Complementary Health Approaches
What Are Complementary Health Approaches?
Today, many people use complementary health approaches for a variety of diseases or conditions. But what exactly are these approaches, and how do they differ from standard medical care?
Complementary health approaches are medical and health care systems, practices, and products that originated outside of mainstream medicine. They include techniques performed by a practitioner (such as acupuncture, spinal manipulation, and massage therapy) and natural products (such as herbs, probiotics, and fish oil). Some approaches, including acupuncture and yoga, originated in Eastern countries such as China or India but are now used in Western countries as well.
A substantial amount of research has been done on some complementary approaches, such as acupuncture and yoga, but there have been fewer studies on other approaches, so much less is known about them. The National Institutes of Health (NIH) is sponsoring research to learn more about the safety and effectiveness of complementary approaches.
Complementary vs. Alternative
When people talk about health care practices with non-mainstream origins, they often use the words “alternative” and “complementary” as though they mean the same thing, but the two words usually refer to different concepts.
- “Complementary” refers to use of a non-mainstream approach together with conventional medicine.
- “Alternative” refers to use of a non-mainstream approach in place of conventional medicine.
True “alternative” medicine is not common. Most people who use non-mainstream approaches use them along with conventional treatments.
There are many definitions of “integrative” health care, but all involve bringing conventional and complementary approaches together in a coordinated way. The use of integrative approaches to health and wellness has grown within care settings across the United States.
Researchers are currently exploring the potential benefits of integrative health in a variety of situations, including pain management for military personnel and veterans, relief of symptoms in cancer patients and survivors, and programs to promote healthy behaviors, such as weight control and quitting smoking. Although research on integrative programs is in its early stages, some studies have had promising results.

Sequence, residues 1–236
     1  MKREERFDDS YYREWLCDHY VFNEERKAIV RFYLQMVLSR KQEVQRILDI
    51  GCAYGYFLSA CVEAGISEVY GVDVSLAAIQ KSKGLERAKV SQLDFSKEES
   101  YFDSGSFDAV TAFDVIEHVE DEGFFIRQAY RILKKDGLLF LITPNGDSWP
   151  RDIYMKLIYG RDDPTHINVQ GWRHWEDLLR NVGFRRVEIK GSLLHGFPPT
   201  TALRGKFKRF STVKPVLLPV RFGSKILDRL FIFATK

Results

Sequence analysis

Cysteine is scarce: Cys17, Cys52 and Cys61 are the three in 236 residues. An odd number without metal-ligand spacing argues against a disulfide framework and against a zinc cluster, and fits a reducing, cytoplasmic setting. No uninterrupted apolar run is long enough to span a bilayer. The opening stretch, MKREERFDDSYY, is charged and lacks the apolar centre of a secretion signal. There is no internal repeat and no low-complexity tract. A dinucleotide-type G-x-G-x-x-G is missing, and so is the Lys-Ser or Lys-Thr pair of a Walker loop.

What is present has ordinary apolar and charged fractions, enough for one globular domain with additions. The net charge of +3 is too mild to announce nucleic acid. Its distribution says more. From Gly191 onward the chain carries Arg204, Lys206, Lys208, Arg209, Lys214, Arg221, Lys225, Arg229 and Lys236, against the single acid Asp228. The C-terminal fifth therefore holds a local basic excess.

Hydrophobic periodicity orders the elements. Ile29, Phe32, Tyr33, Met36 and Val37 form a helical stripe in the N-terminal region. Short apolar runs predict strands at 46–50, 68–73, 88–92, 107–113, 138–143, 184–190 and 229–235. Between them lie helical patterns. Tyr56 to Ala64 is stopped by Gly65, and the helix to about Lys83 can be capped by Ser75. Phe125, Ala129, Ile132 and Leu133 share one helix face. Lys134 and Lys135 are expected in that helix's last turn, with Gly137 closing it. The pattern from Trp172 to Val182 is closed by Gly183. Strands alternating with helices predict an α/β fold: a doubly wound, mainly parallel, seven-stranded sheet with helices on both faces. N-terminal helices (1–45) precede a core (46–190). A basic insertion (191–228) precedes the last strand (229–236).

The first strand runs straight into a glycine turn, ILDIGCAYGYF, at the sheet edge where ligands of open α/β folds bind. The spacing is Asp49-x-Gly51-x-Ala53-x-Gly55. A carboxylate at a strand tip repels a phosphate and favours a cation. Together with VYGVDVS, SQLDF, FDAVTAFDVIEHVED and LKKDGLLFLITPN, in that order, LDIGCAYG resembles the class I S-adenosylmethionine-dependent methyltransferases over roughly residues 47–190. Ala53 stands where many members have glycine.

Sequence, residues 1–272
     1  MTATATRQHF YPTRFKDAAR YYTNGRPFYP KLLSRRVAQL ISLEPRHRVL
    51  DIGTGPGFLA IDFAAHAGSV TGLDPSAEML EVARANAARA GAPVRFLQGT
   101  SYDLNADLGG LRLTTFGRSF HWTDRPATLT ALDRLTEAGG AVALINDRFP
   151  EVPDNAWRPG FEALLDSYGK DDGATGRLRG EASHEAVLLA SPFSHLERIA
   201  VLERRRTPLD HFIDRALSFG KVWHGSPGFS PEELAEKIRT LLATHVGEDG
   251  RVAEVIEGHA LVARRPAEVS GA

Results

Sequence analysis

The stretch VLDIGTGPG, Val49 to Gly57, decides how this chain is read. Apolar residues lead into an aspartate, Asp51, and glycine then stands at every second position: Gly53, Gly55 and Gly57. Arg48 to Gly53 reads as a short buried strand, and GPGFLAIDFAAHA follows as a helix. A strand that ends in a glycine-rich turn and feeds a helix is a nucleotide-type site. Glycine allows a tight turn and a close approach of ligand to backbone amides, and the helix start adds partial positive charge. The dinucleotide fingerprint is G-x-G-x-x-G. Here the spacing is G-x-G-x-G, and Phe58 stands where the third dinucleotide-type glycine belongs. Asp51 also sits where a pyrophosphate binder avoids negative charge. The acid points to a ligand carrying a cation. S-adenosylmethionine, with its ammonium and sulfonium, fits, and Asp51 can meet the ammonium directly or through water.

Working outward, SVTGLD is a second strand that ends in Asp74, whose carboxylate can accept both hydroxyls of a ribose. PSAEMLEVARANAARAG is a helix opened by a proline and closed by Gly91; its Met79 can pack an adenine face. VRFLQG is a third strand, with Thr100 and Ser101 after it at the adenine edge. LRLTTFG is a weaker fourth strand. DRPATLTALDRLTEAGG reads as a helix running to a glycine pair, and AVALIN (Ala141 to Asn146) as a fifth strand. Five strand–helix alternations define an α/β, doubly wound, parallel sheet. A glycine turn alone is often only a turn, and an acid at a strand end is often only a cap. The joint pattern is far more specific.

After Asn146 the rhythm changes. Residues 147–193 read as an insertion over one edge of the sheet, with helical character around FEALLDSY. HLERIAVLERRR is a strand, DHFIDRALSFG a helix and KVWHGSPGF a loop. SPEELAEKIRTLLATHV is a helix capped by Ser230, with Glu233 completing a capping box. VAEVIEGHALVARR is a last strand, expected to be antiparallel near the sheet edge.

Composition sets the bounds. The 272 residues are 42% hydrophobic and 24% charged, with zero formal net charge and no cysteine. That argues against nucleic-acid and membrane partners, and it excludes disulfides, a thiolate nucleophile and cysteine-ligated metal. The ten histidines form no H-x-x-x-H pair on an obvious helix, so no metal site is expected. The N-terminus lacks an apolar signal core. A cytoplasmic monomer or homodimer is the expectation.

Talk With Your Health Care Providers
If you’re using or considering any complementary health approaches, it’s a good idea to discuss them with your health care providers. They need a full picture of what you do to manage your health.
How Popular Are Complementary Health Approaches?
Many Americans use complementary health approaches. The 2012 National Health Interview Survey, a nationwide Government survey, found that 33 percent of U.S. adults reported using complementary health approaches in the previous year. The survey also showed that the most common conditions for which adults used complementary approaches were back pain, neck pain, and joint pain or stiffness.
NIH Research and Information on Complementary Health Approaches
The lead agency at NIH for scientific research on complementary health approaches is the National Center for Complementary and Integrative Health (NCCIH). You can visit NCCIH’s Web site at www.nccih.nih.gov for an introduction to complementary health approaches, statistics on their use, and information on specific approaches and health conditions.